The Right to Read Alliance has argued for some time that a constructive step would be to increase the schools access initiative budget and provide dedicated funding to support the national co-ordination of publishing in alternative formats and to commission centrally not only specialist books but those for which there would be a particularly high demand.

Given the relatively small number of blind and partially sighted children in the school population, too much financial responsibility has been put on schools. The problem is exacerbated by the diversity of materials that children need and the range of formats. My Bill therefore proposes that national co-ordination of accessible format materials be undertaken to avoid duplication and resource wastage.

A second problem is knowing what accessible information resources are available. Moves towards solving that problem have already taken place with the creation of Revealweb, supported and managed by the RNIB and the National Library for the Blind. That online database contains all the accessible format works available from the not-for-profit sector. It therefore allows anyone—parents and teachers—to search for where they could find an accessible format copy of a book that they need for a child. My Bill proposes that a similar initiative be established to include accessible format works produced commercially. That would enable the parents and teachers of children with reading disabilities to find out whether the books that they are looking for are already available in accessible formats.

There are still cases where a visually impaired child will not be able to access a newly published book at the same time as other children. One of the major barriers that not-for-profit agencies face in making accessible format copies of literature available at the same time as, or soon after, print versions are published is gaining access to the electronic files of the text. If a document has to be scanned and then formatted, months can be added to the time taken to produce accessible formats. Publishers and voluntary sector transcription agencies working together can build relationships based on trust, whereby early access to electronic versions of texts can be arranged. My Bill proposes an improvement to that situation.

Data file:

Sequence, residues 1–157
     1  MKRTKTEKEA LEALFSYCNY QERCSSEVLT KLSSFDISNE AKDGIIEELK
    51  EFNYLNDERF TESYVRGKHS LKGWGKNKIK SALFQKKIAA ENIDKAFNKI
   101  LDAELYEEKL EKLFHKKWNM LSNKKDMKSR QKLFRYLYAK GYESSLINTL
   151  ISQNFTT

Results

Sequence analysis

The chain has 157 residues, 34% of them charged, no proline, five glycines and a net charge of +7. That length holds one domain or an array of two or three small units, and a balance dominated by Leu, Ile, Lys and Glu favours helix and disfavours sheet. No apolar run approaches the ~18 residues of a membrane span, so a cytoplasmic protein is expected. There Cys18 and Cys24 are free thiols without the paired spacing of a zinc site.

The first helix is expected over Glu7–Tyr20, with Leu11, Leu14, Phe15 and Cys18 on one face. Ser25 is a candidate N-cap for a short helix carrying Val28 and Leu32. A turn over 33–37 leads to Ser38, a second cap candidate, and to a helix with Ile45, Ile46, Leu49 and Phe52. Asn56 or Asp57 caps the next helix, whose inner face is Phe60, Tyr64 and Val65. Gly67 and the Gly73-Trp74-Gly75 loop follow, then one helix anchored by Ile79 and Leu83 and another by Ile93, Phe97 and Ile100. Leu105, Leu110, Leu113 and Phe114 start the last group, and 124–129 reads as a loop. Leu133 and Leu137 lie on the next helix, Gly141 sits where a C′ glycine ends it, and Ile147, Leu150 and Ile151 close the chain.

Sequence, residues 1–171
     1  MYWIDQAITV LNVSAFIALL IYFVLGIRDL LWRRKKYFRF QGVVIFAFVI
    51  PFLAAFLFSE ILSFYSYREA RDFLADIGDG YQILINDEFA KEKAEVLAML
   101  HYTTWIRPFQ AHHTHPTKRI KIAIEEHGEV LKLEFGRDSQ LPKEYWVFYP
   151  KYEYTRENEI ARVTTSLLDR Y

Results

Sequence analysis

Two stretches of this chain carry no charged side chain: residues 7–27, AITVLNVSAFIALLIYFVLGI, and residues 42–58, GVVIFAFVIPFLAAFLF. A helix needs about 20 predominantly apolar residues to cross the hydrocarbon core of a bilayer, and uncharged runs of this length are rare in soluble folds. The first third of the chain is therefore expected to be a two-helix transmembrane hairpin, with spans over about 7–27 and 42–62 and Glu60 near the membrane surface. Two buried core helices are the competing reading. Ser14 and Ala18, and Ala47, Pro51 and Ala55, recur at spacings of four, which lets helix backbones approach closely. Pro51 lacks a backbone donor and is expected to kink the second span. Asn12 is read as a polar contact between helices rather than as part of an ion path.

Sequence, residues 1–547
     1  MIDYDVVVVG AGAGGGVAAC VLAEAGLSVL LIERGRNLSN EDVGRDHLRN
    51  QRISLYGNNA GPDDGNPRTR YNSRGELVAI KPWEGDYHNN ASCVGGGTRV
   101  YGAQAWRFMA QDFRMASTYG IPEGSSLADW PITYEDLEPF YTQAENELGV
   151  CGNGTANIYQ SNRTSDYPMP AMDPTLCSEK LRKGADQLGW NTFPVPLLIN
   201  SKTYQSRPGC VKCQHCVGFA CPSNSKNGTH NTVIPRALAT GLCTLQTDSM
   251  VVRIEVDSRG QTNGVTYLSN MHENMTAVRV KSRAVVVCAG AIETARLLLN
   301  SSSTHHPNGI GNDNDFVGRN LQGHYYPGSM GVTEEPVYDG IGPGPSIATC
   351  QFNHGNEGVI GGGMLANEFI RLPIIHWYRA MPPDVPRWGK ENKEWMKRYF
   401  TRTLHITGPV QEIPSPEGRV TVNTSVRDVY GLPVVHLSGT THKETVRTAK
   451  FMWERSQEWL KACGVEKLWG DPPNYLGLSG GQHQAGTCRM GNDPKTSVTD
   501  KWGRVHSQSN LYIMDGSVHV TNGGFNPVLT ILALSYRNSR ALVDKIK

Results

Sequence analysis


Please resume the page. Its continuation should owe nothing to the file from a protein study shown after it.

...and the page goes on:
The library and statistics information unit at Loughborough university conducted a survey of library authorities in 2000 and found that only 5 per cent. of library authorities had a written policy on services for blind and partially sighted people and that only 25 per cent. had a specific budget for those services.

It also conducted a survey of 600 blind and partially sighted people in 2001 that found that 50 per cent. had not used their public library in the last three years. The other 50 per cent. who had used libraries reported difficulties with using the services on offer. My Bill includes a modest proposal for library services.

In addition to the measures contained in my Bill, I want to raise the issue of the VAT that is levied on the audio books that people with reading disabilities rely on to access literature. I hope that the Government will work at European level to secure a reduction of the VAT levied on audio books, bearing in mind that print works do not attract VAT.

In conclusion, a lack of accessible-format curriculum materials and books is having a profound effect on the opportunities available to children with reading disabilities. A number of solutions are needed to improve that situation and my Bill contains some simple proposals, including dedicated funding within the schools access initiative budget to ensure efficient co-ordination and production of accessible information; the establishment of a complete database of commercially available accessible-format works, to complement the Revealweb database; the establishment of a national repository for electronic versions of texts that have been published to facilitate the transition of works into accessible formats; and libraries to have written policies on services to blind and partially sighted people and allocate a budget for those services. I hope, therefore, that the House will support my Bill.

Question put and agreed to.

Bill ordered to be brought in by Mrs. Annette L. Brooke, Mr. David Heath, Sandra Gidley, Mr. Phil Willis, Brian White, Linda Perham. Rachel Squire. Mr. David Amess and Peter Bottomley.